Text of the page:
Developing an algorithm requires expressing it in some (formal) language. The respective language is usually understood to be textual (conventional programming language) or partly graphical (design languages, and languages in programming environments for children). As writing and reading are capabilities not to be presumed from preschoolers, many educators claim that confronting such young kids with algorithmic concepts is beyond their abstraction capability. This paper reports on an experiment with kindergarten-groups requiring them to discover simple algorithms without resorting to reading and writing. It clearly showed that limited capabilities of abstractions are not a hurdle at all, if the problems are posed in a way corresponding to the limited experience base of the children, and if solutions are small enough to be kept in memory and allow expressing themselves in other forms than writing.

The Game of Life, Decision and Communication  [PDF]
Roland Mühlenbernd, Simon Schulz
Natural Science (NS) , 2014, DOI: 10.4236/ns.2014.613097

The game of life represents a spatial environment of cells that live and die according to fixed rules of nature. In the basic variant of the game a cell’s behavior can be described as reactive and deterministic since each cell’s transition from an actual state to a subsequent state is straight-forwardly defined by the rules. Furthermore, it can be shown that the alive cells’ spatial occupation share of the environment decreases quickly and levels out at a really small value (around 3%), virtually independent of the initial number of alive cells. In this study we will show that this occupation share can be strongly increased if alive cells become more active by making non-deterministic sacrificial decisions according to their individual positions. Furthermore, we applied signaling games in combination with reinforcement learning to show that results can be even more improved if cells learn to signal for navigating the behavior of neighbor cells. This result stresses the assumption that individual behavior and local communication supports the optimization of resourcing and constitute important steps in the evolution of creature and man.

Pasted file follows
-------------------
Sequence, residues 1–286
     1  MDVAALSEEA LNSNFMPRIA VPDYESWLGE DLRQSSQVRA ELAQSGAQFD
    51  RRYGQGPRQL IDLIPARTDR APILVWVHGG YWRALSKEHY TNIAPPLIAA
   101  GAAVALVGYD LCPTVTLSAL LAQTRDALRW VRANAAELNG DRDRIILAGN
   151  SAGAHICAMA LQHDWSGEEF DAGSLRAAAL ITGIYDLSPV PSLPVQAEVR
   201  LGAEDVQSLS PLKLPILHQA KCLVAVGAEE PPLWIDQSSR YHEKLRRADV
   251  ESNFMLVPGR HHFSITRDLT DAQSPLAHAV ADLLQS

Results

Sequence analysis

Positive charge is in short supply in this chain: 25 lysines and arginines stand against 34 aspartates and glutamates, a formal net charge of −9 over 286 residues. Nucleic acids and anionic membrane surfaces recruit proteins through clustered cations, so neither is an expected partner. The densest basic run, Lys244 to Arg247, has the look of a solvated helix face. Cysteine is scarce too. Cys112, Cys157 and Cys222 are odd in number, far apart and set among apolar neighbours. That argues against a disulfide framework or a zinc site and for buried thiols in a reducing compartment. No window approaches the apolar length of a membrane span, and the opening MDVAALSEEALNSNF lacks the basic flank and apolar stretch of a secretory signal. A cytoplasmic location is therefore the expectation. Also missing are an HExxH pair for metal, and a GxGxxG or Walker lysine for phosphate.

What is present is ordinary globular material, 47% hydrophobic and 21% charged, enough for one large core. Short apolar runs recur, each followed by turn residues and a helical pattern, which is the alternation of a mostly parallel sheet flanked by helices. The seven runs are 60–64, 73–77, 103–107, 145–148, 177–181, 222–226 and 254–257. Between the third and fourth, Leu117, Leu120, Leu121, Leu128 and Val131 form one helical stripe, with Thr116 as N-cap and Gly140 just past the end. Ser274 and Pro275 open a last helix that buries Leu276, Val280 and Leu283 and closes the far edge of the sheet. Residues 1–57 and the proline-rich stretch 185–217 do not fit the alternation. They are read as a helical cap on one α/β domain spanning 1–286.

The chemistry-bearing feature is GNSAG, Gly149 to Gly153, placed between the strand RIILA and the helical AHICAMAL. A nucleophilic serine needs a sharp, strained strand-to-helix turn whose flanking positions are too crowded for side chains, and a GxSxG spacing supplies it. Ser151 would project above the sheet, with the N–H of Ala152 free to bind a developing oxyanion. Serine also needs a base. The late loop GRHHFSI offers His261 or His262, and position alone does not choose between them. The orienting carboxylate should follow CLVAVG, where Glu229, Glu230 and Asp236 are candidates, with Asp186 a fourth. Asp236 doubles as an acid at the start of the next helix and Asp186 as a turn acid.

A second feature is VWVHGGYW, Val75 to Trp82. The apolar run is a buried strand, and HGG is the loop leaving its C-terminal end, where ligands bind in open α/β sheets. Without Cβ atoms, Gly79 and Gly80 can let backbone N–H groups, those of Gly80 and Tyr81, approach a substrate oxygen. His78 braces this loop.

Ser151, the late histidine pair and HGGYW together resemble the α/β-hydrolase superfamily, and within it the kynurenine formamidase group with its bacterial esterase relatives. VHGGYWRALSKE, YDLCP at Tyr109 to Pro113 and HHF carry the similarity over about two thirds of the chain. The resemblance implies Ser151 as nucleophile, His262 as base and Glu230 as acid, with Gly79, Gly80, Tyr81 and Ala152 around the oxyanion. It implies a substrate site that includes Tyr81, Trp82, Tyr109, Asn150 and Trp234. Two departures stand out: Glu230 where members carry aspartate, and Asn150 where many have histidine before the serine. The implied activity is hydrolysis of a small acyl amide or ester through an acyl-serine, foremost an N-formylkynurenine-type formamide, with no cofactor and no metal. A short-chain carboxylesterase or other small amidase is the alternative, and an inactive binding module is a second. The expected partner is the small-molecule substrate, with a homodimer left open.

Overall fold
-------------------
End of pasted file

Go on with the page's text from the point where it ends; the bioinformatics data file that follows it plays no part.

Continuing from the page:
Early 20th Century Climate-Driven Shift in the Dynamics of Forest Tent Caterpillar Outbreaks  [PDF]
Barry J. Cooke, Jens Roland
American Journal of Climate Change (AJCC) , 2018, DOI: 10.4236/ajcc.2018.72017
Abstract: Using tree-ring analysis, we show that the dynamics of forest tent caterpillar [Malacosoma disstria (Hbn.)] outbreaks in Alberta, Canada shifted at the turn of the 20th century from cyclic, synchronous behaviour 1850-1910 to complex, asynchronous behavior 1910-1993. This shift in dynamics coincided with the emergence in 1910 of a latitudinal gradient in outbreak stability and periodicity reflecting a similar gradient in the periodicity of winter temperatures. We postulate that the synchronizing strength of winter temperatures has diminished as a result of climate warming, and that any synchronizing strength due to inter-population migration has been superseded by regionalized patterns of periodic forcing caused by weak low-frequency variability in winter temperatures. We speculate that a decrease in polar vorticity at the start of the 20th century led to increased meridional jet stream flow and more frequent arctic weather anomalies, resulting in a loss of synchronous decadal periodicity in outbreak occurrence. These changes in insect disturbance probabilities, including rising uncertainty, have profound consequences for forest disturbance risk management.